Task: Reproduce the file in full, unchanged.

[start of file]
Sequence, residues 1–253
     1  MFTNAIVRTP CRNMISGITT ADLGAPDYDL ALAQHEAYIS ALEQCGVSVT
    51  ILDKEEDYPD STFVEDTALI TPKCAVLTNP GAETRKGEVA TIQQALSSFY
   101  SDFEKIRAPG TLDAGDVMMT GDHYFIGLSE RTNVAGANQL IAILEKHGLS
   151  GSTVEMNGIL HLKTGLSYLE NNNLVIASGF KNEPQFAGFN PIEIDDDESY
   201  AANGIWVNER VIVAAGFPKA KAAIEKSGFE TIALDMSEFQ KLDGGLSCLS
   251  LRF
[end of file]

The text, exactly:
Sequence, residues 1–253
     1  MFTNAIVRTP CRNMISGITT ADLGAPDYDL ALAQHEAYIS ALEQCGVSVT
    51  ILDKEEDYPD STFVEDTALI TPKCAVLTNP GAETRKGEVA TIQQALSSFY
   101  SDFEKIRAPG TLDAGDVMMT GDHYFIGLSE RTNVAGANQL IAILEKHGLS
   151  GSTVEMNGIL HLKTGLSYLE NNNLVIASGF KNEPQFAGFN PIEIDDDESY
   201  AANGIWVNER VIVAAGFPKA KAAIEKSGFE TIALDMSEFQ KLDGGLSCLS
   251  LRF